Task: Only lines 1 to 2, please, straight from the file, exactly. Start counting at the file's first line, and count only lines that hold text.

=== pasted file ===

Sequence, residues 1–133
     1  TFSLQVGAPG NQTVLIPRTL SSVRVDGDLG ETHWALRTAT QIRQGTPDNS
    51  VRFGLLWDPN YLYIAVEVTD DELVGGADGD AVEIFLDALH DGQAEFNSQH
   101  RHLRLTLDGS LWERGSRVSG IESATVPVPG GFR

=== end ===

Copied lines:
Sequence, residues 1–133
     1  TFSLQVGAPG NQTVLIPRTL SSVRVDGDLG ETHWALRTAT QIRQGTPDNS